Top Tips for Unclaimed Property Audits

Laurie Andrews
July 7, 2022

By: Laurie Andrews and Paola Narez 

Picture this: you just completed a risk assessment on your unclaimed property processes, and you feel like you have this whole unclaimed property thing figured out. You enhanced your systems to make sure you are reviewing every property type and analyzing it the right way, but you have discovered a few pockets of past due property. You are contemplating enrolling in a few of the states’ programs to voluntarily report what you have identified through one of their voluntary disclosure agreements (VDAs), but before you have a chance to enroll, your CEO receives an audit notice. And then another one. And then another one. Suddenly, you are under a multi-state audit by a third-party audit firm that collects a contingency fee on its audit findings. Now what?

Facing unclaimed property audits

First, you concentrate on the audit at hand. Compliance in other states where you have identified past-due property is going to have to go on the backburner. After all, you are just a small department that handles unclaimed property, and it is not even your main job. You only moonlight as an unclaimed property professional.

The audit is going full-steam ahead and you feel like you are knee-deep in audit requests. Suddenly, you hear a rumor that the CEO got an audit notice from another state, but this one is different. It lists another third-party audit firm. This auditor contacts you and says there is more than one state participating in the audit and you should expect more audit notices from additional states.

What do you do? What can you do? State statutes provide states and their associated third-party audit firms with the right to examine the books and records of a holder for compliance with the state’s unclaimed property laws. States can also hire someone to do it on their behalf.

An unclaimed property examination typically begins with an official Notice of Examination letter from the participating state(s) followed by an introductory call and a document request to determine which entities should be included in the review and which years are in the audit scope. The volume of documents requested can be large, with many of them often unnecessary to confirm compliance. It is therefore important to use discretion in what you provide to auditors as you do not want to overshare records.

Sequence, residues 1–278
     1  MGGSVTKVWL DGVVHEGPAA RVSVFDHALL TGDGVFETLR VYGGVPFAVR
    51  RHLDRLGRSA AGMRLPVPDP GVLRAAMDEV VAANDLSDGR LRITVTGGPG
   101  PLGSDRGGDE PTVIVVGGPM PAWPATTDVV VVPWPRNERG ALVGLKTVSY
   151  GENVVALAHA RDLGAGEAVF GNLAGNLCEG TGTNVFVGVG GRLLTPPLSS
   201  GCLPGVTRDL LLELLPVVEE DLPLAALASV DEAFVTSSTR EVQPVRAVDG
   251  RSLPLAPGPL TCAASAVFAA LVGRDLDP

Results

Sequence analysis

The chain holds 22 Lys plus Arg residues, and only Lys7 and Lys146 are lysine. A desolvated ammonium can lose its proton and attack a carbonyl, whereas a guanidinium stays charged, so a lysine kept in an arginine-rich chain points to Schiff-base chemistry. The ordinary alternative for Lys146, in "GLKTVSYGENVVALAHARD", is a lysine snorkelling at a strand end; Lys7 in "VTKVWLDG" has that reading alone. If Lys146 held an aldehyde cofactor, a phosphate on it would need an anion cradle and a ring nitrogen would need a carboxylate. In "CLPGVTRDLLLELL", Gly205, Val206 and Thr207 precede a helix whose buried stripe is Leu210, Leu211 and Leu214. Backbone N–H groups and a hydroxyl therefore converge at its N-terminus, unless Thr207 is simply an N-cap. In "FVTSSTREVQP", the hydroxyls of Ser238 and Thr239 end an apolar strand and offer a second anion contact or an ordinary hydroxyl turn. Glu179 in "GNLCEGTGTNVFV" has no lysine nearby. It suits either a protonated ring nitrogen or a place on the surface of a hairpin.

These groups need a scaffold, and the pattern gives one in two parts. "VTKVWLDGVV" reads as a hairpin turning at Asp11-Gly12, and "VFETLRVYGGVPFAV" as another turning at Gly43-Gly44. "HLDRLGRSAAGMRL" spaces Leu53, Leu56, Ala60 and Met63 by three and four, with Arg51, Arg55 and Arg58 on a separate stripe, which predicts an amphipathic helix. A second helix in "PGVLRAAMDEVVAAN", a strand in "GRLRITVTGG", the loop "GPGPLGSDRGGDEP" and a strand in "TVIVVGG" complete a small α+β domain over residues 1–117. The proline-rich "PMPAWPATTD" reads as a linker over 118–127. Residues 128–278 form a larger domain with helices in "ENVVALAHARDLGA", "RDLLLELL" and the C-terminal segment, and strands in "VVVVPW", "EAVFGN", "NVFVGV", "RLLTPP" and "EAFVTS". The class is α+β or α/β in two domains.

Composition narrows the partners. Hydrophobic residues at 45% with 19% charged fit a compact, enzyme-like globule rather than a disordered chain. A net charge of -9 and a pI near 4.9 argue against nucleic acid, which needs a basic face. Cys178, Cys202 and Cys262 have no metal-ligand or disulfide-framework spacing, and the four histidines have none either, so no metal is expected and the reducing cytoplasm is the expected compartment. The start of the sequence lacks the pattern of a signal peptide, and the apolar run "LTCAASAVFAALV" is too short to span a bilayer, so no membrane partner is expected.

Audit requests can vary greatly between audit firms, and while you may be able to provide similar information to both firms, such as corporate organizational structure, there needs to be a careful review of other information being provided to auditors. This ensures that information not related to the scope of the audit is not shared (e.g., information from non-audit states or information related to states being audited by the other third-party auditor).

Here are some best practices when managing one (or many) audits:

  1. Execute a non-disclosure agreement with the auditor.
  2. Review each state’s official Notice of Examination letter and pay close attention to the entity or entities listed in the letter, property types, deadlines, review period and any other special instructions from the state (if listed).
  3. Provide information related to the scope of the audit and for years where records are complete and researchable.
  4. Designate a centralized, internal team to handle the audit. Engage the appropriate parties and support teams in your company to assist with this (legal, compliance and information technology).
  5. Set up a tracking sheet to carefully monitor the participating states, audit requests, dates of requests, dates information and documents were delivered to auditors, etc.
  6. Transmit data and documents through a secure portal. Ideally, the secure portal you use will time stamp and record a history of productions to the auditor.
  7. Look into a third-party advocate experienced in supporting audits (like Sovos) and if there are legal issues, consider engaging outside counsel. An advocate and/or legal counsel may be able to identify industry-specific legal defense issues to help mitigate the audit.
  8. Obtain closing agreements and verify it includes all in scope entities, property types and years reviewed.

Unfortunately, multi-state audits are not uncommon. If not managed appropriately, they can be extremely difficult as they require extensive work and will likely be a multiyear endeavor. Therefore, it is crucial to remain compliant, keep good document retention and develop effective policies and procedures. States employ a variety of tools to ensure unclaimed property compliance and they are becoming increasingly active in their enforcement efforts. Unclaimed property audits can seem overwhelming, but they are not insurmountable when you have the right tools and partners in place.

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Laurie Andrews

As Principal Consulting Director, Laurie assesses clients’ unclaimed property gaps in compliance, performs risk assessments, analyzes liability and fraud, and also collaborates with clients and third-party auditors during state examinations. With over 15 years of service with the Pennsylvania Department of Treasury, Laurie has an extensive unclaimed property background, focusing on fraud prevention, claims, and research.
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